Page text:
I guess I answered my question: Mardi Gras, for me, will remain a distant memory. Now I tend to avoid dense crowds, especially crowds where insanity is legal.


I work in a campground in northern Maryland during the spring, summer, and fall months. During the summer, kids are everywhere, and we joke about being overrun by these youngsters. One Saturday evening I was ready for bed and was acutely aware that the campground noise level was terribly loud. The three cabins next to me were filled with a family group that included about a thousand kids. Around 10:30pm I had thoughts of going outside and shouting QUIET! at the top of my lungs, then realized I just needed to live with the noise on Saturday night. As I turned off the lights, I recalled something I read recently: “when you change the way you look at things, the things you look at change.”

I listened again to the aggravating noise, and thought about those kids outdoors playing their games, getting along with one another, immersed in their imaginations, being physical, running and laughing -- instead of being zombies in front of a television or video game or doing drugs. I thought about how fortunate those kids were for some time out in the country, their families around the campfire. I remember them in the pool earlier, more laughter; on the hayride, more laughter. The noise they were now making seemed suddenly refreshing to hear.

Heck, I remembered playing outdoors in the evenings with my own childhood friends, running around and funning around. No longer irate at the noise, I was just glad that kids still have that in them. My reward? An hour later the noise stopped.

Sunday, February 22, 2009


There's something about daydreaming I just can't let go of. When I was a kid, it was my escape from the real world--not that my real world was bad, but I wanted something different. I call it daydreaming, some call it fantasizing. I like daydreaming better.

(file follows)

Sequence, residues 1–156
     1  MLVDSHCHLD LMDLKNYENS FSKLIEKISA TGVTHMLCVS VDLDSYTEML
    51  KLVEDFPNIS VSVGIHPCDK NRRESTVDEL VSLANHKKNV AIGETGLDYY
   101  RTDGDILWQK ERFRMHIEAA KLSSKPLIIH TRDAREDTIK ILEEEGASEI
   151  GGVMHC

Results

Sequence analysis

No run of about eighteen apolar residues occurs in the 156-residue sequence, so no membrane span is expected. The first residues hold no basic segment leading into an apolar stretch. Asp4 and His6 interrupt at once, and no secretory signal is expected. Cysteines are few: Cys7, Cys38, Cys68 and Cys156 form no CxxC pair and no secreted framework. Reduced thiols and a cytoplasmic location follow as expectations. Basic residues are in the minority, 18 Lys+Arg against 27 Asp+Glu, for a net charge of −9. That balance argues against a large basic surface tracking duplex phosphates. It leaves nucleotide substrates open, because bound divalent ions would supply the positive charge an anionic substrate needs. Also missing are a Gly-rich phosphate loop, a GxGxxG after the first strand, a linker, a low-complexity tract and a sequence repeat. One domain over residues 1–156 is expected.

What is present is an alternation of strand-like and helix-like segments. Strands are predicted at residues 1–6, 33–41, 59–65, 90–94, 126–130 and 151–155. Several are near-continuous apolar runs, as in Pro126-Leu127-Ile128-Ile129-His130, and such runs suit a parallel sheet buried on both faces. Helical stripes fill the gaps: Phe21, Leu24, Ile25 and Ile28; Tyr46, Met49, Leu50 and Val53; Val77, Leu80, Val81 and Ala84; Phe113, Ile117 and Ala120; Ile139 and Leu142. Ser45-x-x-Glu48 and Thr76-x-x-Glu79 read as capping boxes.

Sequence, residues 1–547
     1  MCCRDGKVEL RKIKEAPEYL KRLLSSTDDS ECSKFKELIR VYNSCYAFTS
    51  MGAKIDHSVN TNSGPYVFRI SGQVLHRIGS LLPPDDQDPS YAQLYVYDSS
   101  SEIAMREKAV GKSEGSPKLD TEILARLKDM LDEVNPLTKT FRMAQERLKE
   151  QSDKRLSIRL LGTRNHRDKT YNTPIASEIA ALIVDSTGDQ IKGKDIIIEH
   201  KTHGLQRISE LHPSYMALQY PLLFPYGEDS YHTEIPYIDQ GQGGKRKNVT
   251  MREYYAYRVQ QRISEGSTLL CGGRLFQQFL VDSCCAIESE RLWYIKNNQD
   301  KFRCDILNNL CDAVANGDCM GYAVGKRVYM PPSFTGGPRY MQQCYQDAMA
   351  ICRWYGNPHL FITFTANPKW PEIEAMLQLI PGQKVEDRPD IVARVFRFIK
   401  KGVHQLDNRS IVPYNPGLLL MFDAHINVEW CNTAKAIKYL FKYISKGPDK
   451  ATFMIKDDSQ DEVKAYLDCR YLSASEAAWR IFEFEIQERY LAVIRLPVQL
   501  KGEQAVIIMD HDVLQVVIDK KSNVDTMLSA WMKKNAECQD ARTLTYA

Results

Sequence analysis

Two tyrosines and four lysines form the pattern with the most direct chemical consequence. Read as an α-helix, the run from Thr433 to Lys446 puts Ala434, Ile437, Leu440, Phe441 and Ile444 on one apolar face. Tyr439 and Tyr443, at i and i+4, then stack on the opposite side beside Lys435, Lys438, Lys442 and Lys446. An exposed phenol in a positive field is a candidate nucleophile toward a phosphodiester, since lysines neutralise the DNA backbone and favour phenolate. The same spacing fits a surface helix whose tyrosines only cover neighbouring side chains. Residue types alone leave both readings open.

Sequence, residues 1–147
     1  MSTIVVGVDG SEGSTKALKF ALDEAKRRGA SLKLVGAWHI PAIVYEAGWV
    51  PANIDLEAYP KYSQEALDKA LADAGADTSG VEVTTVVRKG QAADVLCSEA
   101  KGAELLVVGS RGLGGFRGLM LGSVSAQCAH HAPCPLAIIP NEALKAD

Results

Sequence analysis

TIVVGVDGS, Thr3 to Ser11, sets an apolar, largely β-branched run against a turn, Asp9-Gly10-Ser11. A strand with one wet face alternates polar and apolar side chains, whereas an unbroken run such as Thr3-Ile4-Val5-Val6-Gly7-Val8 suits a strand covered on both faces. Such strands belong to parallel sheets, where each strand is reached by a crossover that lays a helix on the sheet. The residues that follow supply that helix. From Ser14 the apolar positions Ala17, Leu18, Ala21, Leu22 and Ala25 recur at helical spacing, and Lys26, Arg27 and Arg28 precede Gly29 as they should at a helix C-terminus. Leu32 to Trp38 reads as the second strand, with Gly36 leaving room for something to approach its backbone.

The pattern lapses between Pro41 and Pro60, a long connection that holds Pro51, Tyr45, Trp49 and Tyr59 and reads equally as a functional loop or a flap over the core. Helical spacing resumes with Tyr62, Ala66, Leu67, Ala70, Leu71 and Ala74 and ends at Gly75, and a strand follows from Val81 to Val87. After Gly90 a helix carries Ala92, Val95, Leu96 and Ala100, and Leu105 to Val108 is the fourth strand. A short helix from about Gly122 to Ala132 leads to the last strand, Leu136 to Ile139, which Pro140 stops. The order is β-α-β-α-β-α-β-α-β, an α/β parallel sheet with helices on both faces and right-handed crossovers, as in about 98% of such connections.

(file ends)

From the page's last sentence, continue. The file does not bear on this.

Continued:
I've continued my daydreams into my adult life -- and since I was born when God was still a little boy, it's been a long time! Not so long ago I thought more about it, and I discovered how useful my daydreaming has been.

It's been a decision-making tool for me. When faced with a decision to make, instead of heavily pondering the pros and cons, I just daydream about the what-ifs: if I decide to go in the direction of one choice, then what can I expect? I'll flesh out the possibilities with my imagination and live with that idea; kind of like trying on a new dress. How do I look? How do I feel? How do others respond? Then I'll imagine the same things with a different kind of decision. This is so much more fun, and certainly less traumatic, than agonizing with an intellectual weigh-in of each alternative. I find it true for both large and small decisions.

None of us knows what's down the road, or around the next bend in our life, and we think we can't predict future events. Hindsight, however, has taught me that I can sometimes make predictions; I've learned that there is such a thing as self-fulfilling prophecy when I engage my imagination passionately toward an outcome I want. It's happened for me far too many times for me to doubt anymore. Ah, the journey through my daydreaming is delightful, and I wouldn't give it up for anything!